June 15, 2020
For educational institutions
History of Education Timeline
⟶ Updated 23 Nov 2017 ⟶
List of edits
Puritans establish Plymouth Colony
Massachusetts Law of 1642 - Scriptures and Laws were primary educational materials
Old Deluder Satan Laws of 1647 - Communities of 50+ are required to appoint a teacher and fund schools with taxes
Puritanical leaders play important roles in establishing the Massachusetts Bay Colony.
Connecticut begins to establish school statutes of their own
The Land Ordinance of 1785 - Continental Congress passed laws requiring states to form a central government an address education as a central component
The U.S. Constitution was adopted without reference to education
Boston Latin Grammar School was established
The Boston English Classical School was established as the first high school; the Troy Female Seminary first prepared teachers for certification
Massachusetts Law established high schools
Massachusetts establishes the Board of Education; Horace Mann is appointed as the first Secretary of Education
First normal pubic school for prepping teachers opens in Lexington, MA
The first public school based on grades, the Quincy School, opens in Boston, MA
The first Compulsory attendance law is established in Massachusetts
The first public Kindergarten in the U.S. is opened in St. Louis, MI
Compulsory Education is required in all states
The U.S. Department of Education is established by president Jimmy Carter
The Elementary-Secondary Education Act (ESEA) is reauthorized of the No Child Left Behind Act (NCLB)
Mary Fellows is the first woman west of the Mississippi River to receive a baccalaureate degree
Elementary-Secondary Education Act (ESEA) is passed by Congress
The Nation's first all African American public high school, Paul Lawrence Dunbar High opens its doors in Washington D.C.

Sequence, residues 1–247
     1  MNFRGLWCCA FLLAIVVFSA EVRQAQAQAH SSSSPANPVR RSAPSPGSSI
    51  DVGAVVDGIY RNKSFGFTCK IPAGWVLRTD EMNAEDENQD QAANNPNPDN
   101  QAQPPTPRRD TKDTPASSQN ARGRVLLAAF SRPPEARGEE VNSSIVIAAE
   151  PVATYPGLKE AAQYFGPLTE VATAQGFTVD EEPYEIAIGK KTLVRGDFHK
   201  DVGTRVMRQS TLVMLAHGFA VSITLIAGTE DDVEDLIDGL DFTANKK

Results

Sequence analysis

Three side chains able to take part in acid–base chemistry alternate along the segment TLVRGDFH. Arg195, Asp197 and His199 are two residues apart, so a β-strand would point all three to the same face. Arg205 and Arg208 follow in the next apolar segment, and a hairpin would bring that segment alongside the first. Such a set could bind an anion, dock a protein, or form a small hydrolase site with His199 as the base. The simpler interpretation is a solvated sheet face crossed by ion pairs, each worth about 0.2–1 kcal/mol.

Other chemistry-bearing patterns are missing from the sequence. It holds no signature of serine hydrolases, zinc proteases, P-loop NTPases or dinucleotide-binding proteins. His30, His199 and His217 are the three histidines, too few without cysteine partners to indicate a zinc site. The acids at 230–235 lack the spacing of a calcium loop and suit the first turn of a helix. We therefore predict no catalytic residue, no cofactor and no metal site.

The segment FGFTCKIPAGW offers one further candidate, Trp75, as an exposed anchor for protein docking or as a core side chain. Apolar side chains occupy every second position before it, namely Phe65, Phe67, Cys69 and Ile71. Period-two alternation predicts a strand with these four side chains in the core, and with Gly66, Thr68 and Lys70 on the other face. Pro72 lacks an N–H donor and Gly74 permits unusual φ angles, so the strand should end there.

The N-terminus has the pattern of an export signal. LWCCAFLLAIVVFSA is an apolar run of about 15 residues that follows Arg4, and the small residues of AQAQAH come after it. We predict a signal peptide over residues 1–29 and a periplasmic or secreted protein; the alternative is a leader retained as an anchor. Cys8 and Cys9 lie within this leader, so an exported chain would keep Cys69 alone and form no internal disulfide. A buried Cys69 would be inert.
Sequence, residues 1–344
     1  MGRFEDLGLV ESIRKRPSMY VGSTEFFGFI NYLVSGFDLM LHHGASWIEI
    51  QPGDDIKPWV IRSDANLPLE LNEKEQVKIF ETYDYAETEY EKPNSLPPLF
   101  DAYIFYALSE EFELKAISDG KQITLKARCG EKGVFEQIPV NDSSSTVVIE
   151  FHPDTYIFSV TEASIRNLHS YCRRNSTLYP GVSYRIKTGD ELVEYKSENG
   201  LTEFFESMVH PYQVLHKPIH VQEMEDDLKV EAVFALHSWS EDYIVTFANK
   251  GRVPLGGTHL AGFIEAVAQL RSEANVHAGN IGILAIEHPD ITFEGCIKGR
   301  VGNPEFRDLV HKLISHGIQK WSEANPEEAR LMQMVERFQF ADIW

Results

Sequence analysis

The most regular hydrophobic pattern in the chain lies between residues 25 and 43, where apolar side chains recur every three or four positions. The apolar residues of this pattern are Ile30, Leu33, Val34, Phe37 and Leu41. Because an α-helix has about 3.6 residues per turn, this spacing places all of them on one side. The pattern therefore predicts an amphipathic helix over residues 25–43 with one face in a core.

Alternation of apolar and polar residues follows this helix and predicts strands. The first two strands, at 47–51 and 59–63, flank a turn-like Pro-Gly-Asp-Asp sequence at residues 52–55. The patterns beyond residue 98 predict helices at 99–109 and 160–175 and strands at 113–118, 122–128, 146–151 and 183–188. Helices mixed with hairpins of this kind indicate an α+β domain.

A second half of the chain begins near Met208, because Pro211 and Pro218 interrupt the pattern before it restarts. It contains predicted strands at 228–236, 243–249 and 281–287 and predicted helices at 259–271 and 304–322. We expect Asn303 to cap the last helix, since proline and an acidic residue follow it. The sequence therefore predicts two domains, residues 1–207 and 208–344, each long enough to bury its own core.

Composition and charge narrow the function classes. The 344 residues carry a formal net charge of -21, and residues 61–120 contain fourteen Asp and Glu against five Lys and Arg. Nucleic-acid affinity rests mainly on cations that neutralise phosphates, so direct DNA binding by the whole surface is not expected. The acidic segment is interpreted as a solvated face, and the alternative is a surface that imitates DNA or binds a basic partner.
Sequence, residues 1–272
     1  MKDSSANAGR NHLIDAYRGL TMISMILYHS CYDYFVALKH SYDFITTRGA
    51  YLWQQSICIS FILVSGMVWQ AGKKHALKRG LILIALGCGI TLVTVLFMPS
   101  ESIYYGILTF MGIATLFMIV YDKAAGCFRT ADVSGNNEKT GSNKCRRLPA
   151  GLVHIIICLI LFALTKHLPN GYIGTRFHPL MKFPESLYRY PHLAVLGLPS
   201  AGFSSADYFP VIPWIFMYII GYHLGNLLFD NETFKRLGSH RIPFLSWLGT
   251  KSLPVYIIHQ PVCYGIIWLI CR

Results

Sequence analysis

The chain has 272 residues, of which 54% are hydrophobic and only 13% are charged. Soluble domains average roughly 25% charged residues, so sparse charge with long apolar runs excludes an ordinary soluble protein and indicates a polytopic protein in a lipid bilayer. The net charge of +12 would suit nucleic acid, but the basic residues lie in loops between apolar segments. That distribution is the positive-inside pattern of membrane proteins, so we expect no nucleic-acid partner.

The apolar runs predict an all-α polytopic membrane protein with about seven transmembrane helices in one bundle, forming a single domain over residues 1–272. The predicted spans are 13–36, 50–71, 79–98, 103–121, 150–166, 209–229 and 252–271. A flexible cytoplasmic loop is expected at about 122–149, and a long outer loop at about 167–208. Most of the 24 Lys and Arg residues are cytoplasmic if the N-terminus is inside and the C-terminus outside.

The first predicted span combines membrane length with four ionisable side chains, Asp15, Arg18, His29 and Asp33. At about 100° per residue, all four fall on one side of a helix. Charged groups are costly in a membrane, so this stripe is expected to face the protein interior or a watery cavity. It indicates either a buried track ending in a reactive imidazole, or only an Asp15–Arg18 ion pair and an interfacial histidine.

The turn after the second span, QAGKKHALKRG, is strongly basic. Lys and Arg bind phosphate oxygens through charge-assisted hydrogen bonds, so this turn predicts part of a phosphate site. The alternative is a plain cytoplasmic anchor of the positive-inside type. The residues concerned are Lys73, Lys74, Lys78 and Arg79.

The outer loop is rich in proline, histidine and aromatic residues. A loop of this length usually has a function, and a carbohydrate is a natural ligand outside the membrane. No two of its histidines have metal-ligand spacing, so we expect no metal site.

Emancipation Proclamation is issued by President Abraham Lincoln
The first of William Holmes McGuffey's Readers is published. The secular tone sets it apart from the religious texts of the day
James Pillans invents the blackboard
~American Colonial Period~ - Curriculum included mainly Puritanical perspectives and most early education was based on the ten commandments, reciting of the Lord's Prayer, and catechisms; teachers mostly included women from the community in the form of Dame Schools
American Revolutionary War
~American Early National Period~ - Under the guise of the Revolutionary War, America started to distinguish its own freedoms from British rule and began to develop more of a sense of a moral compass. Central Government began to include public schools as a main priority, especially advancing westward. Many different textbooks like the Early American Speller and later Noah Webster's Speller were used as a standard text books in education
~American Common School Period~ Due to their massive advancement westward, public schools are instated in every state from coast to coast in an attempt to educate American citizens.
~American Progressive Period~ Teachers began to see education as rigid and counter-intuitive. Colleges begin to offer teaching programs and degrees in teaching. John Dewey is associated with this period for making an indelible mark on this period of history. His psychological approach to education as being humanistic and empathetic helped change education fundamentally.
~Industrial Revolution~ With the advances America was making in industry, it as becoming easier to print and distribute textbooks to a wider array of people. By this time, teachers were hired in schools that were aid for by federal taxes, as well as local funding from their respective states. Schools began to be segregated by ages, founding grade level differences between primary, and secondary schools.
~Civil Rights Movement~ - America was reaching a boiling point. At this time Civil rights were at their peak, campaigning for women's suffrage and de-segregation in public schools. In 1954, Brown vs. the BOE is a landmark case that ruled segregation in schools unconstitutional. Schools were integrated, but still grappling with effective teaching and school maintenance and creating effective learning environments.
~Education Reform~ In the recent past, education reform was at it's peak. With more centralized textbooks and numbers swelling, America was struggling to keep up with the progress. After the DoE was established, the was more government involvement in education then ever before. Between the Bushes and Clinton, reforms like the ESEA and No Child Left Behind attempted to raise the standards of education for individual citizens and more accurately measure the outcomes of success in public education.
Brown Vs. The Board of Education
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